By Kate Payne
Photography by Jo Ann Santangelo
My kimchi days started a few years back in Brooklyn when our CSA program box overflowed with bok choy. Initially we marveled at the joy of such bounty, but as the weeks rolled on, our enthusiasm waned. To alleviate some of the pressure to eat bok choy for every meal, I scouted out a recipe for kimchi in my favorite pickling book, The Joy of Pickling.
I subbed bok choy for the Napa cabbage in the recipe, and soon our fall and winter dilemma was transformed into a prized digestive-assisting commodity.
A fermented relative of sauerkraut, kimchi is a Korean food dating back to the prehistoric era, and to say it’s played an important role in Korean culture would be a vast understatement. Proudly lauded as the national dish, kimchi has an entire museum in Seoul dedicated to it, and there are more than a hundred different kinds of the stuff—with variations on ingredients and methods based on region and family tradition.
Kimchi’s core elements include some sort of Chinese cabbage—common varieties include Napa, savoy, bok choy, michihili, choy sum—along with garlic, ginger, radish, green onions and a Korean red pepper powder (gochugaru). Some recipes from the coastal regions feature the addition of salted seafood, such as shrimp, oysters or octopus, while other regions call for sweet rice flour (mochiko) as the base of the flavoring paste or even the addition of sugar. Seasonal variations can involve the addition of fruits, regional wild edibles and even other vegetables. Regardless of the variation, though, the health benefits of eating kimchi are consistent. It’s known to boost immune response with beneficial, live-cultured bacteria, help us digest other foods and make nutrients more available than if consumed raw.
What I lack in cultural experience with kimchi, I make up for in devotion to this spicy cabbage delicacy. We eat it with eggs in the morning, tossed into fried rice or pasta and by the cupful straight from the jar. As an outsider to the world of kimchi traditions, I see it occupying a realm somewhat like a recipe for biscuits in the American South. Both Southern-style biscuits and kimchi recipes appear to be a simple list of ingredients with simple instructions, but when traditions get involved, there are myriad ways to carry out making the prized items; each sworn-by method produces a family’s unique and preferred taste. (Kimchi would be excellent atop a biscuit with braised pork shoulder, by the way.)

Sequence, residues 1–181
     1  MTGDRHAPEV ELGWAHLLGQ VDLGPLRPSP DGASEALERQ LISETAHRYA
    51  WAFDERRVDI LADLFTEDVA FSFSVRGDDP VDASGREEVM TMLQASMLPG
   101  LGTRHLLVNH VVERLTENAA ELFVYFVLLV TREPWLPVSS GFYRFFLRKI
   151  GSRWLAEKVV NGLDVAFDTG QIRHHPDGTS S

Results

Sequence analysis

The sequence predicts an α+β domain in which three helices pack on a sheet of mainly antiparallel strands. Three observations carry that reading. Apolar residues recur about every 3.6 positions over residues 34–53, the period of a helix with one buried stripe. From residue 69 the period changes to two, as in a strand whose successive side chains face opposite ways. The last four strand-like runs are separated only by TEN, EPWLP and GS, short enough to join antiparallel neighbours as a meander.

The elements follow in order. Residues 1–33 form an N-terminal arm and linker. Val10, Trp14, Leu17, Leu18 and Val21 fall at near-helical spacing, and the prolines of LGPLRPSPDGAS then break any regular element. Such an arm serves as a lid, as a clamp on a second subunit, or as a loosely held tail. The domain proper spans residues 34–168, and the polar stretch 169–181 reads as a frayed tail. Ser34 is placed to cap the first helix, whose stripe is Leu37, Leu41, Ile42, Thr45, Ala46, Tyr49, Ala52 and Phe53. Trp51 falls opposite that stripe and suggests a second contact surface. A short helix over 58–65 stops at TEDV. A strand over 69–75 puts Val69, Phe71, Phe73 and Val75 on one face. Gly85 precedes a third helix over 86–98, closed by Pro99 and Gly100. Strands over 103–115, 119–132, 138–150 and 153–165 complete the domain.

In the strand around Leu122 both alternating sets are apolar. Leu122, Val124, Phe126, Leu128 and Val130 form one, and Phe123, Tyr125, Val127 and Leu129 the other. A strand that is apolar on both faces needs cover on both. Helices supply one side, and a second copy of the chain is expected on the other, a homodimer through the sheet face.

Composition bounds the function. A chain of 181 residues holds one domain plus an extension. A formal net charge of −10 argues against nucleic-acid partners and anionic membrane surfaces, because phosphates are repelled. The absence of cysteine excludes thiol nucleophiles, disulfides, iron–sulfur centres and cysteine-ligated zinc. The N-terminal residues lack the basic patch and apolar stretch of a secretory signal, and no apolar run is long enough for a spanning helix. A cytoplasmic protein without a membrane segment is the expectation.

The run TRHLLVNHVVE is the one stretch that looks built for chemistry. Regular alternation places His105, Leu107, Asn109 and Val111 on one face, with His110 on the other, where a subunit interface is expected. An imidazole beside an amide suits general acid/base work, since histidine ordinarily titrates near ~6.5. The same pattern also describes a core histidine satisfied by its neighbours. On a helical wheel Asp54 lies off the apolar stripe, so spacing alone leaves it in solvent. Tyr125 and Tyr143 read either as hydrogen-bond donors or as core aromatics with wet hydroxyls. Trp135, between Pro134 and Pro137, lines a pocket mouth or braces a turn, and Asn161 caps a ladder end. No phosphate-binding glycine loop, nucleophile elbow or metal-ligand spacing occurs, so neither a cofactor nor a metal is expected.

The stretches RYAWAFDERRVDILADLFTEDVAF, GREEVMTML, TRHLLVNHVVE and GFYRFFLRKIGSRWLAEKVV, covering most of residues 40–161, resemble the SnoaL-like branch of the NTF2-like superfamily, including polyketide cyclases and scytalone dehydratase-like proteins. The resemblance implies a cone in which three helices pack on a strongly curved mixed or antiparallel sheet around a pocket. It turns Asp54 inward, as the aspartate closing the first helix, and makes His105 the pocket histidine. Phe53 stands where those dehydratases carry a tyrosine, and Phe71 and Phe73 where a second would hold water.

The method I use involves giving the cabbage a short soak in a salty solution to remove water. This also starts the fermentation process and firms the cell walls to allow for some crunch along with the zing. The spice paste flavors the vegetables during their short fermentation stage, at which point the kimchi goes into the refrigerator to slow down further fermentation. Don’t be surprised if the lid of the jar pops open after it’s been in the refrigerator; this stage of lacto-fermentation creates carbon dioxide as a byproduct and it can get trapped if the jar lids are on tightly.
Kimchi is extremely flexible. I’ve experimented with using sweet rice flour as a base for the spice paste and liked the results more than the version without it. Instead of seeking out the Korean pepper powder, I typically grind dried arbol or Anaheim chiles—seeds and all—in a spice grinder or with a Vitamix dry blade. Use any medium-heat red pepper, or opt for mild peppers to take down the heat level, but avoid using smoky peppers.